Send to

Choose Destination
J Mol Biol. 2005 Mar 4;346(4):1121-45. Epub 2005 Jan 26.

A survey of flexible protein binding mechanisms and their transition states using native topology based energy landscapes.

Author information

Center for Theoretical Biological Physics, University of California at San Diego, 9500 Gilman Drive, La Jolla, CA 92093, USA.


Many cellular functions rely on interactions between protein pairs and higher oligomers. We have recently shown that binding mechanisms are robust and owing to the minimal frustration principle, just as for protein folding, are governed primarily by the protein's native topology, which is characterized by the network of non-covalent residue-residue interactions. The detailed binding mechanisms of nine dimers, a trimer, and a tetramer, each involving different degrees of flexibility and plasticity during assembly, are surveyed here using a model that is based solely on the protein topology, having a perfectly funneled energy landscape. The importance of flexibility in binding reactions is manifested by the fly-casting effect, which is diminished in magnitude when protein flexibility is removed. Many of the grosser and finer structural aspects of the various binding mechanisms (including binding of pre-folded monomers, binding of intrinsically unfolded monomers, and binding by domain-swapping) predicted by the native topology based landscape model are consistent with the mechanisms found in the laboratory. An asymmetric binding mechanism is often observed for the formation of the symmetric homodimers where one monomer is more structured at the binding transition state and serves as a template for the folding of the other monomer. Phi values were calculated to show how the structure of the binding transition state ensemble would be manifested in protein engineering studies. For most systems, the simulated Phi values are reasonably correlated with the available experimental values. This agreement suggests that the overall binding mechanism and the nature of the binding transition state ensemble can be understood from the network of interactions that stabilize the native fold. The Phi values for the formation of an antibody-antigen complex indicate a possible role for solvation of the interface in biomolecular association of large rigid proteins.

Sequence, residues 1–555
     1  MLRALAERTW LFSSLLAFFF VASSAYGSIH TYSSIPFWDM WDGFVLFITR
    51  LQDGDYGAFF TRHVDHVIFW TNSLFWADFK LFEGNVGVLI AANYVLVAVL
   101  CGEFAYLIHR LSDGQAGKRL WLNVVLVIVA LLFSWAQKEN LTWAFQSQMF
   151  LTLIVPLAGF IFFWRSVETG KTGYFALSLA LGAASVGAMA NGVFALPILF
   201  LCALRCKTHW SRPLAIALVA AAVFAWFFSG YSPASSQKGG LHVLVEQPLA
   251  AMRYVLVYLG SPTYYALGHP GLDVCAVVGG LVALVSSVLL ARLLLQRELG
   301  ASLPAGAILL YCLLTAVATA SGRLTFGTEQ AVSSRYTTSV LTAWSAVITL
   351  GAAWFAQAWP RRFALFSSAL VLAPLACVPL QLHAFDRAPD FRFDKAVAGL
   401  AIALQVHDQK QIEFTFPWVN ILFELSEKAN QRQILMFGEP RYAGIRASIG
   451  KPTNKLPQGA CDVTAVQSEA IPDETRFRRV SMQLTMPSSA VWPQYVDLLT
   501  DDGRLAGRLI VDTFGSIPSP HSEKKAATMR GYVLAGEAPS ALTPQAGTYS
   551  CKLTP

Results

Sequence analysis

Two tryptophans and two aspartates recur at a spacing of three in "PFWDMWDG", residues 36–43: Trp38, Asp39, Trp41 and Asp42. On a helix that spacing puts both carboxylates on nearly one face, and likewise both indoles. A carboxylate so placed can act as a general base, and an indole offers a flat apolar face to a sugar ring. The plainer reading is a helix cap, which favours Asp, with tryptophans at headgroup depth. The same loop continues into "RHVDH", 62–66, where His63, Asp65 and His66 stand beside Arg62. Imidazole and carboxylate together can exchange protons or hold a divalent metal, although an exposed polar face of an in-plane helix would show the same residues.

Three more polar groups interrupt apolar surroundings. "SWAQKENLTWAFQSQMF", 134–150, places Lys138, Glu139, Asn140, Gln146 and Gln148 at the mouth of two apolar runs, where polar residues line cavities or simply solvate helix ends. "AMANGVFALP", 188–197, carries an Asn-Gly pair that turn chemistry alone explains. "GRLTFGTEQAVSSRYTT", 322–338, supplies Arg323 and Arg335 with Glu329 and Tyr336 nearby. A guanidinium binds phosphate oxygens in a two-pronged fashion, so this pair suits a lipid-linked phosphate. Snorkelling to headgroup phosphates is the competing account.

[Indexed for MEDLINE]

Supplemental Content

Full text links

Icon for Elsevier Science
Loading ...
Support Center